Cotton vs Polyester Sheets; Which is Better for Mothing?

Hey everyone,

I’m curious to hear people’s input on whether they think using a cotton sheet is better or worse than using a polyester sheet for mothing. I’ve been using a polyester sheet in my setup for the past 2 years now with decent success, but it was suggested to me pretty regularly that a cotton sheet would be more effective (in terms of how many moths it brought in). Earlier this week, I finally caved and ordered a cotton sheet online. I put it up today in the same spot I’d normally put up my other sheet, and over the course of this night, I have had different results… but not what I was expecting.

Rather than an increase in moths, I’ve barely had any on my sheet, with most of those that did show up just passing right by it. Instead, I’ve got dozens of wasps, flies, midges, etc.-- way more non-moth insects than normal, but very few moths overall. Of course, this might be a one-time issue, but I’ll obviously be going back to the polyester sheet if the cotton one keeps up on this trend. I’m still interested to hear, though, if a lot of people do think cotton is better.

I feel that cotton is better than Polyester Sheets
These are the advantages and disadvantages of cotton sheets for Mothing
Cotton being a natural fabric is great for summers, is soft, and breathable. At the same time, cotton sheets are a bit on the higher end, and susceptible to wear, and tear, and wrinkling. Polycotton overcomes the challenges of cotton as it is less prone to wrinkles, is more durable, and cost-effective as well

I think that cotton is better. It reflects UV light so it shines the light much farther than a material that doesn’t reflect UV.

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I do some rather serious sheeting and moth photography, and there are several factors to consider when choosing a fabric: durability, reflection, and ease of cleaning.

Cotton sheets are less durable and are harder to clean. After a long night of mothing with lots of beetles present, there can be some pretty ugly stains. Remembering to wash whatever sheet you choose in cold water is important (treat the stains like blood). They wrinkle, take longer to dry, and cause more shadows in your pictures (if you’re taking them) because they do not reflect the light as well.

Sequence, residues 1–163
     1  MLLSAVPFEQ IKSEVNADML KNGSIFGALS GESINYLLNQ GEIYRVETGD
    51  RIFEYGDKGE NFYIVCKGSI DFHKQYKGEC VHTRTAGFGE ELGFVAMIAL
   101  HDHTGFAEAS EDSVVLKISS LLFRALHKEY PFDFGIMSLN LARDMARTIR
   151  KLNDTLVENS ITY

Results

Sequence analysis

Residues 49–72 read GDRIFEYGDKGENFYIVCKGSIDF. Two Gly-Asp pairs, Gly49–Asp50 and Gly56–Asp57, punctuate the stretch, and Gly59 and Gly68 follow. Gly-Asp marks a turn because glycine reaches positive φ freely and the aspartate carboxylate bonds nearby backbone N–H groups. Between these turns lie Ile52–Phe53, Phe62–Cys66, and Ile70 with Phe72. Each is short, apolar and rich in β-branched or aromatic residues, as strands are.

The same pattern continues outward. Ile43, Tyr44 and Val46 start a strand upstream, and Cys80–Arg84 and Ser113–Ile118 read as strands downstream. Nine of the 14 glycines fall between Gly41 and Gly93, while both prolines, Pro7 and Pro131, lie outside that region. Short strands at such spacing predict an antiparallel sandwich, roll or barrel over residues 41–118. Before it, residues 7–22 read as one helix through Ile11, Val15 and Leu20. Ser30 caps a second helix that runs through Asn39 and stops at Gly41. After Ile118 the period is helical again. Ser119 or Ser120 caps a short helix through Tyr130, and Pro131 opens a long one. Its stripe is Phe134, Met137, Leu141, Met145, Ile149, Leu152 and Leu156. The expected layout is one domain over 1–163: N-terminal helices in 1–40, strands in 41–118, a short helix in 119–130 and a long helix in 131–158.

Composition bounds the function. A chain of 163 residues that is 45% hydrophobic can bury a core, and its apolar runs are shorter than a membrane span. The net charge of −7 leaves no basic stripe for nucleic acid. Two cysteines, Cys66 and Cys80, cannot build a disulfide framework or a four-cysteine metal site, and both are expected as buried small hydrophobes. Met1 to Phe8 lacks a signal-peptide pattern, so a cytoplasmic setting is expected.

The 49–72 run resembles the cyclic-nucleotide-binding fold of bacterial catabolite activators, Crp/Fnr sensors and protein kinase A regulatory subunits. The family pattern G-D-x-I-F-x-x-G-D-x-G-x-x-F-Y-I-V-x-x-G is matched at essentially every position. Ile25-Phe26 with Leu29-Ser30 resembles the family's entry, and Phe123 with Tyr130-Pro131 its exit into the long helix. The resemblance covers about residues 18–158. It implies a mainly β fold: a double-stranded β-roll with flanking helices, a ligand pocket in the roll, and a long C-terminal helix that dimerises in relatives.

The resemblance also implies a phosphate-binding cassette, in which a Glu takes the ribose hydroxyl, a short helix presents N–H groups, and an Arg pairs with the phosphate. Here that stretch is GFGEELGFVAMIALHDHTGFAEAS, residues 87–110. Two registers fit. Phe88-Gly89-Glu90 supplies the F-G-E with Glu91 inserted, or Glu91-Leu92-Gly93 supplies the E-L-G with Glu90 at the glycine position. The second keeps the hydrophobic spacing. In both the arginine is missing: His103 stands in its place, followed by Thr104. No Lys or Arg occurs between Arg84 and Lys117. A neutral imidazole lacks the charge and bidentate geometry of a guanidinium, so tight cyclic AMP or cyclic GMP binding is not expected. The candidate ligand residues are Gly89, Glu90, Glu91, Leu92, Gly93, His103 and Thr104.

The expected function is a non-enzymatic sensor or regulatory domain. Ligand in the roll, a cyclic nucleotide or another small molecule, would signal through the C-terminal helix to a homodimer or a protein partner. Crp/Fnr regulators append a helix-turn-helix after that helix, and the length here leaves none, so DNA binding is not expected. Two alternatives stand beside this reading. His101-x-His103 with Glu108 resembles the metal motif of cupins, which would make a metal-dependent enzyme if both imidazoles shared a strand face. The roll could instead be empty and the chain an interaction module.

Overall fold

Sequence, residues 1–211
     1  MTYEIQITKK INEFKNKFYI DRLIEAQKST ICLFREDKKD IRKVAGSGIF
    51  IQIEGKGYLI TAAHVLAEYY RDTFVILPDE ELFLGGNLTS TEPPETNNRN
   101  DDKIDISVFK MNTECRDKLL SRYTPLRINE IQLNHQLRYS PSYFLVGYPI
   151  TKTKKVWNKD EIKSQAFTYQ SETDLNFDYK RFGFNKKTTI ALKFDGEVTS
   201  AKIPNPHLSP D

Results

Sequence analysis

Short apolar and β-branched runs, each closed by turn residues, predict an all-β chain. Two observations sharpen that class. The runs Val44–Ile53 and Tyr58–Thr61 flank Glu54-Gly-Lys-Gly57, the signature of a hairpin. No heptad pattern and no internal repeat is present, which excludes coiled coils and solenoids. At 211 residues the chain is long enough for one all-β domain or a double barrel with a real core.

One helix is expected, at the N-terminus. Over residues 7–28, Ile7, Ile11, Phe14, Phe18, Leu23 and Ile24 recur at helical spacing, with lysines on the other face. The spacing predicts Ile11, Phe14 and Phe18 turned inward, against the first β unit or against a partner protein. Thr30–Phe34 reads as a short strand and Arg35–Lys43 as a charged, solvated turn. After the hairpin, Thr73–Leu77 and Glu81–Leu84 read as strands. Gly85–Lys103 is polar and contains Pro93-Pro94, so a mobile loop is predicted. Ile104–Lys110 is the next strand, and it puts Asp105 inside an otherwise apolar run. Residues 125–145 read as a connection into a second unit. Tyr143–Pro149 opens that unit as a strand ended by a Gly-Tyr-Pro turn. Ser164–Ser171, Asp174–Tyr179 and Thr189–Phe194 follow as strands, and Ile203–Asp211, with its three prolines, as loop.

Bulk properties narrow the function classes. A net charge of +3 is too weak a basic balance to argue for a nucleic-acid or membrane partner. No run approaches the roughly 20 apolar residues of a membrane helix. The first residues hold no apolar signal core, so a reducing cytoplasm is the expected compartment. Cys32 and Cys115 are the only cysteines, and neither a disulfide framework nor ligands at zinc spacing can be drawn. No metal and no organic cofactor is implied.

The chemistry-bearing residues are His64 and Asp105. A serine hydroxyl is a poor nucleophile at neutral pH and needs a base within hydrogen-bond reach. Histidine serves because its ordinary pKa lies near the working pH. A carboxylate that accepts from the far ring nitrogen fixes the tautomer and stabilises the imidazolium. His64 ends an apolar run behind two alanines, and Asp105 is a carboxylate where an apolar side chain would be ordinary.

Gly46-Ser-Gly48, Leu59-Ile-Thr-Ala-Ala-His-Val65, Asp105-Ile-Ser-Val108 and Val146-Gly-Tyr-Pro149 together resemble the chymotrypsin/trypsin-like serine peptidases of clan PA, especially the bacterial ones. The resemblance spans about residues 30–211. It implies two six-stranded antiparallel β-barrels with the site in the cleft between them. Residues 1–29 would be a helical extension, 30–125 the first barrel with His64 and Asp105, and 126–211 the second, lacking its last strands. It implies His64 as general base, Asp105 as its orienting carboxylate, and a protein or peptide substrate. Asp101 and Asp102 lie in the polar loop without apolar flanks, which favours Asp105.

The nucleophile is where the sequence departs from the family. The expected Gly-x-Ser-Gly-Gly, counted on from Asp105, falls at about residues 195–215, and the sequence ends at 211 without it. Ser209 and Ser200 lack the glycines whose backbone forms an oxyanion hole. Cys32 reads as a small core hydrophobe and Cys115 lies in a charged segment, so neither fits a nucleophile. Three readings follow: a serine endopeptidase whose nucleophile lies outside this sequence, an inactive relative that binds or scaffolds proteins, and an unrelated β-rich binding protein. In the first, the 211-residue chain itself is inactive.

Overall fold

Although I’ve not seen any studies on the subject, my anecdotal experience is that polyester or poly/cotton blends are much better at enhancing the light source. I abandoned my use of cotton rather quickly. The other night I tried out a 100% polyester setup and I was over the moon with the results. I was concerned there might be too much sheen that would give me glare in my photos, but I was wrong. It did a great job at enhancing and reducing shadowing. (I also use an MK diffuser which helps, but the difference in the fabric is remarkable.) Additionally, the glow put off by the poly seemed to do a wonderful job.

I suggest that you skip the cotton and go back to the poly–more importantly, do what works for you! If you want to see the results I’ve had, you can go to my observations: annainok. I keep playing with things, always looking for a way to improve both my numbers and my photography.



Great topic! I will keep in mind while looking for a new one since mine has seen better days. I also came across this:
I thought it was very clever of @finatic to use a sheet with an embedded metric value for size and have the linked reference in the notes field.

If you check the bulk of my moth photos, annainok, you’ll see I too use a gridded fabric. Ripstop nylon will work too.

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